Have you ever wondered why our mouth fills up with fluid when we see or smell food? This fluid is called saliva, and its function is twofold. The primary function is to moisten the food to enable easy swallowing. Secondly, the saliva contains many enzymes, which are biological catalysts, which begin the process of digestion. ?Many glands line the oral cavity; these are called salivary glands. There are the parotid glands on both sides of the jaw that produce the bulk of saliva. Then there is the submandibular gland located beneath the floor of the mouth and then there are many small salivary glands that line the oral cavity.

The oral cavity also contains teeth whose primary function is to masticate the food into a soft, semisolid consistency. Semisolid food is easy to swallow, and it also ensures mixing of the food with enzymes.

Once the food is moistened and chewed, it is taken and transported to the stomach through the oesophagus. The oesophagus is a long muscular tube whose sole purpose transportation of food from the mouth to the stomach. Transportation of food to the stomach is not dependent upon gravity. One can eat even in a lying position, so how does the oesophagus transport food to stomach. It does so by a series of co-ordinated movements called peristalsis. In fact, all segments of the digestive system express this form of action. Now consider a food bolus that is being swallowed. The muscles behind the bolus push the food forward while the muscles ahead of the bolus relax, thus ensuring seamless transport of food from one end to another. The digestive system has developed an intricate web of nerves which co-ordinate this process. This web is called the enteric nervous system.

The next stop for food is the stomach. The stomach is a hollow muscular tube that expands as food enters the stomach. The stomach secretes acid and some enzymes like pepsin. The acidic environment in the stomach serves two purposes. One, it helps to kill ingested bacteria, secondly, it facilitates the action of enzymes like pepsin (an enzyme that aids digestion of proteins).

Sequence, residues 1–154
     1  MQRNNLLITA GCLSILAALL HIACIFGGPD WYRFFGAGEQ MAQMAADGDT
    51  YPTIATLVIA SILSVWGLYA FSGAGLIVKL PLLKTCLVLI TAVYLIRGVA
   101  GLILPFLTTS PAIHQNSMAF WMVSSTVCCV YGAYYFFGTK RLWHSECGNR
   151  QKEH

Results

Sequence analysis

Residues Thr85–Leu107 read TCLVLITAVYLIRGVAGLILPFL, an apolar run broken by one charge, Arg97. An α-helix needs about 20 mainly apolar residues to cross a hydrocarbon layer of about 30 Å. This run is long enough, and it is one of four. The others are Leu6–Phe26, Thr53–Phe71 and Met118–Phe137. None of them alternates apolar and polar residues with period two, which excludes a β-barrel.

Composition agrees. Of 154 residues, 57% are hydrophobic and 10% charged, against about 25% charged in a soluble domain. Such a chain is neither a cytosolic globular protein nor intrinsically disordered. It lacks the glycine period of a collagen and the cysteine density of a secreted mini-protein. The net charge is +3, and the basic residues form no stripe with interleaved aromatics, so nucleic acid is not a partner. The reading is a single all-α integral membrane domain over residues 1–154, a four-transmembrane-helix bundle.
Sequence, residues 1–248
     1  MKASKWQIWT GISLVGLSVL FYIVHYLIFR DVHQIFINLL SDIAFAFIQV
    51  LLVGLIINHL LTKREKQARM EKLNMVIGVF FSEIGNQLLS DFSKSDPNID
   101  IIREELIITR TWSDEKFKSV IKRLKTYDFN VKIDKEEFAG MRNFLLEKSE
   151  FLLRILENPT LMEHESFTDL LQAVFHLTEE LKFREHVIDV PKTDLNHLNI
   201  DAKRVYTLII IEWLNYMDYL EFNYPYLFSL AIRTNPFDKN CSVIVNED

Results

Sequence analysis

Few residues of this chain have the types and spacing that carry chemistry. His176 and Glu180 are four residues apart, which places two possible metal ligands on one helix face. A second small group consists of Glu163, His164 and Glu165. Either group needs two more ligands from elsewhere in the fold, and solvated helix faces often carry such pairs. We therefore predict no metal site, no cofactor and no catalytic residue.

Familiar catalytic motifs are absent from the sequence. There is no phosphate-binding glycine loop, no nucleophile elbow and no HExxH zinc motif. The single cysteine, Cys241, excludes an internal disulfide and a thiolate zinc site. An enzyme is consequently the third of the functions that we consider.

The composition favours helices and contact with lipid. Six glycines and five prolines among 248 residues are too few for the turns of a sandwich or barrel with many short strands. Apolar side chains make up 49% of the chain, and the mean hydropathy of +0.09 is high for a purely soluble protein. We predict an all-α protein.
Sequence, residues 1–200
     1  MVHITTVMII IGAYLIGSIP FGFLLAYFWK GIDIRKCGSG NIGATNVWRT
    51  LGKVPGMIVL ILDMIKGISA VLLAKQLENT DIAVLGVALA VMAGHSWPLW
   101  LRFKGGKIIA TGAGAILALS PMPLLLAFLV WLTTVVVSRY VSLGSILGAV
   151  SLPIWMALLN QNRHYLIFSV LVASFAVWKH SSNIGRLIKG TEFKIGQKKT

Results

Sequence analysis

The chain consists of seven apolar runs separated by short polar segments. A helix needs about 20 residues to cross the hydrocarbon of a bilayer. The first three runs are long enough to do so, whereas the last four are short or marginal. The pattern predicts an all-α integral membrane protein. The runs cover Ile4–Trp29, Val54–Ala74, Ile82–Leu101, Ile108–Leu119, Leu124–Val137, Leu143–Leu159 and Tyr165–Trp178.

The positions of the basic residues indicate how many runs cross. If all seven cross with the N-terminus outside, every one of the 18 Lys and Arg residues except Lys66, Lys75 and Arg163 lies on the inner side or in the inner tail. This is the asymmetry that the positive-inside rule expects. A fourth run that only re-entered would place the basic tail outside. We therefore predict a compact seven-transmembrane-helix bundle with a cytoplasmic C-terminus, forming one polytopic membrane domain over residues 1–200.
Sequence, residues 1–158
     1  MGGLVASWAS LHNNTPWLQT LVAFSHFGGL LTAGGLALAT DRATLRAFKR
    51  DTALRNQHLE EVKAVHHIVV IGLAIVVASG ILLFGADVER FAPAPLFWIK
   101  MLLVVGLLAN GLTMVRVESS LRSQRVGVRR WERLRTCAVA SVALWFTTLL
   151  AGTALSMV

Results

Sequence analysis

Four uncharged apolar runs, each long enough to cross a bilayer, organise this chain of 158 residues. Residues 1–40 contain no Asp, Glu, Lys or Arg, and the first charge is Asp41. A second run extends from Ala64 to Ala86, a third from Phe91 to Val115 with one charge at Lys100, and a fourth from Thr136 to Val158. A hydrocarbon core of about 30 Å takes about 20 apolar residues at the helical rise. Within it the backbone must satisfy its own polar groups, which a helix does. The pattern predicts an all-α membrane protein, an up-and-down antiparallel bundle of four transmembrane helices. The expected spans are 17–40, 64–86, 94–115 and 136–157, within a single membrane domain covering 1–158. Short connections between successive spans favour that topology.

Acidity is a common problem in humans. You might have seen many of your family or even yourself suffering from burning sensation in the stomach, especially when one is hungry. This is due to the secretion of acid by the stomach. So, how does the stomach protect itself from the action of acid? The cells lining the stomach produce a slimy fluid called mucus. The mucous coats the surface of the stomach and prevents damage to the lining of the stomach by acid. When this mucous becomes depleted, then symptoms of acidity occur (of course there are many other reasons for acidity).

From the stomach, the food then travels to the intestines. The intestine is a long hollow tube that lies within the abdomen. There are three parts of the gut- duodenum, jejunum and ileum.

Two principal digestive organs secrete their enzymes into the first part of the intestine- liver and pancreas. Liver secretes bile that helps with the digestion of fat. Fat is a very complex molecule and is not soluble in water while the enzymes can only act in a water-based medium. Bile acts on the fat like soap acts on grease. It emulsifies the fat to make it water soluble. It also increases the surface area for enzymes to act.

Also, the pancreas also secretes its enzymes into the duodenum. Pancreas also secretes copious amounts of dilute bicarbonate into the duodenum. This bicarbonate neutralises the acid (remember stomach secretes acid) and enables enzymes like trypsin and chymotrypsin to act on the proteins.

The food then travels along the length of the intestine where carbohydrates, proteins and fats are broken down by the above enzymes into their elemental forms, namely glucose, amino acids and fatty acids. They then travel to the ileum, where they enter the bloodstream by absorption through the cells lining the ileum. ?The cells lining the intestine have fine hair like projections called villi. These increase the surface area of the intestine manifold and help with the absorption of nutrients.